kind, and every winged fowl after his kind: and God saw that it was good."
It appears that birds are out of order here. And in English they are, but
not necessarily in the Hebrew. Paleontologists agree unanimously that
reptiles preceded birds. Archaeopteryx, a feathered reptile-like creature
that lived 150 million years ago, is considered a likely transitional step.
Furthermore, whales are mammals, and necessarily follow both reptiles and
birds, and should not be included with primitive sea life at all.
These are good arguments, and would seem to be valid arguments, except that
Genesis was written in Hebrew, and ancient definitions differ from modern
faunal classifications. A closer look at the text reveals that the order
presented here should not be troublesome at all.
First of all, sharks and armored fish date to the Devonian period. When God
said, "Let the waters bring forth abundantly the moving creature that hath
life," these would make able representatives.
Next, the Hebrew word 'op that has been translated "fowl," is a "flying
creature," the same basic word for "insect" which probably would have been a
better translation. Flying insects date to 300 million years ago in the
Carboniferous period, and were useful for pollinating some of the vegetation
springing forth at about that time. Also, why would "fowls" be mentioned three
times in three consecutive passages (Gen.1:20-22)? If birds had been intended
in all three instances it would be a curious redundancy.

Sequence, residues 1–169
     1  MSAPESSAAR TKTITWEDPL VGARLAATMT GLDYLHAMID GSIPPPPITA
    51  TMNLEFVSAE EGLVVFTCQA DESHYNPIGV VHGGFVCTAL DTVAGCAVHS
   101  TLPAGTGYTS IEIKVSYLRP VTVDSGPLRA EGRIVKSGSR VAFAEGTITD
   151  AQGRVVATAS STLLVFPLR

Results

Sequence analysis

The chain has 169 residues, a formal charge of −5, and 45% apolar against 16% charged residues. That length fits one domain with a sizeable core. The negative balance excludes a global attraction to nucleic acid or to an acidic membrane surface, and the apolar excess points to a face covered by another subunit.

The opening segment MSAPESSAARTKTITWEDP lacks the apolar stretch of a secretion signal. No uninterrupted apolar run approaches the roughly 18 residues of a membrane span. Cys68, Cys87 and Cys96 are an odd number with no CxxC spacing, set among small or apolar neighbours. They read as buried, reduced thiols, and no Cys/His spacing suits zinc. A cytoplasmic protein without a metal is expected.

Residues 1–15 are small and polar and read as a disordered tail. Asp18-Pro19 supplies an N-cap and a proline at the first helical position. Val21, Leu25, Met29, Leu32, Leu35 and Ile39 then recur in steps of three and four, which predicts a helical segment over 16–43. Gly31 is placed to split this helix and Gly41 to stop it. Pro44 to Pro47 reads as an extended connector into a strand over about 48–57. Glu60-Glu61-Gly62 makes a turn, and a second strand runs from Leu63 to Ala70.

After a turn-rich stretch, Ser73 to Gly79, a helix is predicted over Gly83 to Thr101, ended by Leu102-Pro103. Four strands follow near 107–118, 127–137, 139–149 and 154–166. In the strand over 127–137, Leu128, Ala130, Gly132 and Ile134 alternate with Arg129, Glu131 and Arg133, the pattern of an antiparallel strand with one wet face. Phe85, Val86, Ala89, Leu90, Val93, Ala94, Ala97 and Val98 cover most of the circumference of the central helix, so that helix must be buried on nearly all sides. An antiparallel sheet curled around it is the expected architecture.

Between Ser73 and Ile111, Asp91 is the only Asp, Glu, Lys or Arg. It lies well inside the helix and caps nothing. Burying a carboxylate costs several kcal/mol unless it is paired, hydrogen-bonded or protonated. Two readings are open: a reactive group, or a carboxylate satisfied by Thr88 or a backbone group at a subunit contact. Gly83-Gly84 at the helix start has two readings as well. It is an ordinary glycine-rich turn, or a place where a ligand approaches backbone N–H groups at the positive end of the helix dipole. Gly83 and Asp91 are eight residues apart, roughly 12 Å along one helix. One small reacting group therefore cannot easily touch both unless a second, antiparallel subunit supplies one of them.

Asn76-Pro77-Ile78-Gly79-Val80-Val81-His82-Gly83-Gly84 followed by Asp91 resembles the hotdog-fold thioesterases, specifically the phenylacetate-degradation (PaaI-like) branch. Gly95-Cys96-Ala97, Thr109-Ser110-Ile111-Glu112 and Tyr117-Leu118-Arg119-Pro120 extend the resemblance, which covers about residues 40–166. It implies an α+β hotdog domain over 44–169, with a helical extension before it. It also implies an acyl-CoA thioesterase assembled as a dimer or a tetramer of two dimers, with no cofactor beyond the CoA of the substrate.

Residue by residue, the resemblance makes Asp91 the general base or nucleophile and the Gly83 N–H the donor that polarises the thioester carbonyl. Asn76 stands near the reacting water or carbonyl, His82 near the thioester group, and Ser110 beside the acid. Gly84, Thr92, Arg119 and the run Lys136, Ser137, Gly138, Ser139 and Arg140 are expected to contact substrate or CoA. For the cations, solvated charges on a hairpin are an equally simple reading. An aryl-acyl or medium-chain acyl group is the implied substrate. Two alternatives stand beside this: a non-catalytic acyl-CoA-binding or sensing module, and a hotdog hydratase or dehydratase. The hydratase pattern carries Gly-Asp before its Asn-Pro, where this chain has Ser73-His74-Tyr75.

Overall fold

Some Bible translators shun the word "whales," opting for "sea monsters," for
example. This makes sense. It is doubtful that Moses ever set eyes on a whale
in the Red Sea, and therefore unlikely he would have used a name for an animal
he had not seen.
The English translation of the Septuagint is less confusing. "Then God said,
'Let the waters produce moving creatures having life; and winged creatures
above the earth in the open firmament of heaven.' And it was so. God
the great sea monsters and every species of moving animals which the waters
produced according to their kinds, and every winged flying creature
"Large sea creatures" satisfies the Hebrew, and one candidate is the
which could grow to over 30 feet in length, and had strong jawbones equipped
broad cutting plates making it a formidable predator. Primitive amphibians
to appear in the Devonian giving way to reptiles in the Upper Carboniferous.
Reptiles were the first vertebrates to leave the aquatic environment for laying
eggs and developing embryos, and opening the way for vertebrates to colonize
the subareal habitat.
The advance of reptiles onto dry land was a big step. An amniotic egg with
significantly different membranes was required than what was necessary for
amphibians, which laid their eggs in water. Amphibians also lacked a
skin, and became dehydrated on land. Equipped with a horny or scaly epidermis,
along with a sturdier set of legs, the first reptiles such as the Cotylosaurs